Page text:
“It’ll take you about 15 minutes to be a pro,” said Nick Stambaugh, a talented artist of Aces High Tattoo in Jupiter, FL. He was selling the art of paddle boarding, not tattooing when four Australian dudes walked in looking to get Homer Simpson tattooed on their feet. He loved the idea and two Aussies stepped up to the plate, one was already heavily tattooed and the other was a needle virgin. Lonny Morgan, also a hilariously gifted tattooist, and Stambaugh got to work sketching. The clients originally wanted to get the character in black-and-grey, but Morgan advised them it’s best to stick to the Simpson’s yellow roots, “It’s vector art,” he said. “To try to replicate that with black-and-grey, it’s going to have none of the same feeling whatsoever, man.”
Stambaugh has been tattooing for four years, Morgan for nearly six, which is surprising based on their portfolios. Morgan is almost entirely self-taught, “I tattooed out of my basement for like four months,” he said. “I’m not saying it’s the right thing to do, but where I’m from [North Carolina] there was only maybe two shops in that area.”
Stambaugh (who also has a green thumb for mango, avocado and banana trees) learned the trade in his home state, Ohio, at the esteemed Truth & Triumph Tattoo; “I had an apprenticeship with Brian Brenner and this guy named Josh Wilson,” Stambaugh said. “I owe so much to that dude. He sat with me on tattoos; he was a gigantic influence on me. And Kyle Cotterman [owner of Distinction Tattoo], Justin Wilson, and Rob Bower. All those dudes were super huge in helping me progress faster.”
The two tattooists have a niche for bold, bright, cartoony and traditional style, but don’t let their colorful imaginations fool you—their black-and-grey work is sick, too. “I just did an AK47 on this dude that was fun,” Morgan said.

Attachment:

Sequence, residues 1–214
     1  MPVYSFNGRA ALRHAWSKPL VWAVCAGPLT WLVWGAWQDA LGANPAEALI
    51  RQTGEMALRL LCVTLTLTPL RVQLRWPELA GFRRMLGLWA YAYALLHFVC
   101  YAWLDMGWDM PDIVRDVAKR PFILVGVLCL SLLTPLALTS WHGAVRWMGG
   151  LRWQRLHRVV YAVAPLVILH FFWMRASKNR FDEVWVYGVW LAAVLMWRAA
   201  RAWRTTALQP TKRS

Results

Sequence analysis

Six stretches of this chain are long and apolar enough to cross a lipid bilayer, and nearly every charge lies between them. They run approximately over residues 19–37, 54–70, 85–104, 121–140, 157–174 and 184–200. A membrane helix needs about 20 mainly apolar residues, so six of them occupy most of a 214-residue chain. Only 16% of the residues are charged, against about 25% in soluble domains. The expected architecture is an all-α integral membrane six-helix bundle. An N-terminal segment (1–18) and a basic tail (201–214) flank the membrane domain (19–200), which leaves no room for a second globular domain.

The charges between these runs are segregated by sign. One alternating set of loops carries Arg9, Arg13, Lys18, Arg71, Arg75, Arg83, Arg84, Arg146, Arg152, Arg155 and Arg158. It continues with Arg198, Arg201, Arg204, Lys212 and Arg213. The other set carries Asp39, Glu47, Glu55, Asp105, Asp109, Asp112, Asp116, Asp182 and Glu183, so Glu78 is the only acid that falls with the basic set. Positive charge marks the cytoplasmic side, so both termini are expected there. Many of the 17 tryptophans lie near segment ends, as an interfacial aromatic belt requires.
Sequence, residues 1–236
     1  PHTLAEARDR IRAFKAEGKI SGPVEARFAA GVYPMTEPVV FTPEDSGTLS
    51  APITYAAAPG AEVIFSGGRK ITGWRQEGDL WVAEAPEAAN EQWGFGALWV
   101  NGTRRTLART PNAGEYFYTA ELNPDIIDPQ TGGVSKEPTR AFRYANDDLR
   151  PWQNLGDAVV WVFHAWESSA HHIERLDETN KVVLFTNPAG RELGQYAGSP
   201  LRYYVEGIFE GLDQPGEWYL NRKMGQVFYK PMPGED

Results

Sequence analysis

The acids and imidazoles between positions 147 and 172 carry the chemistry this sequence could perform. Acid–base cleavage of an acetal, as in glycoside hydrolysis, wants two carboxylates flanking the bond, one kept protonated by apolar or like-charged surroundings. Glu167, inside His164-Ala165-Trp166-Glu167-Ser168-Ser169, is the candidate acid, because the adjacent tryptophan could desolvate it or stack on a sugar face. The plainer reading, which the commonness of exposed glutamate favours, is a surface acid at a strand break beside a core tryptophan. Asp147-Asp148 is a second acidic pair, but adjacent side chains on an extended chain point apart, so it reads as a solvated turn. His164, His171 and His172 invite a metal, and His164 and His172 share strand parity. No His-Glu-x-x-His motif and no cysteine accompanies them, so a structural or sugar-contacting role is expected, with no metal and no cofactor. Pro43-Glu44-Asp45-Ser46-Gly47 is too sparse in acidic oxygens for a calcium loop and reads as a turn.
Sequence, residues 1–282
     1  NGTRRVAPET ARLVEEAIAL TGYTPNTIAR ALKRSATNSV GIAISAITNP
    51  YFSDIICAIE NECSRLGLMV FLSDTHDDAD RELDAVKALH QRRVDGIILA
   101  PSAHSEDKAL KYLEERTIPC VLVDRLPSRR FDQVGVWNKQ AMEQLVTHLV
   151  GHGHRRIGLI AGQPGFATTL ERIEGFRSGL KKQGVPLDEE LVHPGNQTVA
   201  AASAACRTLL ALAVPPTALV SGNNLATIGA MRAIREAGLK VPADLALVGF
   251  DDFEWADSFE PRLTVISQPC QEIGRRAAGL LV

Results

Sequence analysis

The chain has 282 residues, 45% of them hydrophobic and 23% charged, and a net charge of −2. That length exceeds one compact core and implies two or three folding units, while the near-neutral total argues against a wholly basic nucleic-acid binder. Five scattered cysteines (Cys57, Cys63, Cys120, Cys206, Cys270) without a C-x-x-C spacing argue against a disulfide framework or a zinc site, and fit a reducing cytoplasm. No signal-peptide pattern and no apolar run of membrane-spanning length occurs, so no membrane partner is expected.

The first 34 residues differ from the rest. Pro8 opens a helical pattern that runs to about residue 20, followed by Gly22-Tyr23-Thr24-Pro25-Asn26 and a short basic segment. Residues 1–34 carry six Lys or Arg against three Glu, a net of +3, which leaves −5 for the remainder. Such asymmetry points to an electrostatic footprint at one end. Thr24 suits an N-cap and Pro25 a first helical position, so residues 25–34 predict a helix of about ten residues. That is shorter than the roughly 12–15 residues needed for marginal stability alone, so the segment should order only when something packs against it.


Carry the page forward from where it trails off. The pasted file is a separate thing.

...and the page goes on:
“I go both directions,” said Stambaugh. “But mostly bright, obnoxious colors and stuff. Goofy, funny stuff all day, like pineapples.”
The Aussies were about halfway through their Homer Simpson tattoo, which turned out to be a fun little experiment–watching two artists ink the same tattoo, turnout the same flawless product, but go about it in two different manners. Morgan chatted more with his client, moved a bit quicker but still was just as focused as Stambaugh, who quietly tattooed the front of his canvas’ foot.
The scene became relevant to Inked’s list of Who to Bring to your session, as now their mates and some other shop clients (and myself) gathered near to the station watching. I asked, who shouldn’t accompany somebody to a tattoo? Stambaugh was quick to say mom and dad, “You may love it but your parents might try to tell you to get the tattoo that they’d want instead of the one you want. Unless you’ve got the coolest parents on the planet that care about absolutely nothing, which is not usually the case. Even the cool ones are always like you should do it like this!”
Morgan said, “I get people that try to come behind the table, if I can hear you breathing, you’re too much.”
Jupiter isn’t the most touristy of areas in Florida, “other than drinkin’ and watching boats go by, there’s nothing much to do,” says Morgan. (What else could one want to do?)
“You can’t beat living in a vacation [town],” Stambaugh said. “I got people that are going to Orlando for vacation and that’s probably the closest they’re ever going to be to me so they drive two hours to get tattooed. They follow me on Instagram and email me. There was somebody from England coming and they already followed me, I guess that’s how it works. That’s always cool.”
With the Simpsons tattoos wrapped, both equally goofy and impressive, Stambaugh shared the story of his first ink; “I got tattooed when I was 17 by some hole in the wall terrible shop, super gross in Ohio. You’re walking into a tattoo shop and you’re like Oh this is normal–totally not normal at all. It was a somewhat big tattoo and it took like all of 40 minutes, he was just drilling away. I didn’t know any better until I got tattooed elsewhere.”
Aces High Tattoo has three shops by owner John Wylie in Jupiter, West Palm Beach, and Lake Worth. This weekend, you can find Nick Stambaugh and a ton of other respected tattooists at Tattoo Mania II, held at the Palm Beach County Convention Center, just look for his “Good ‘Ol Boy” knuckle tat.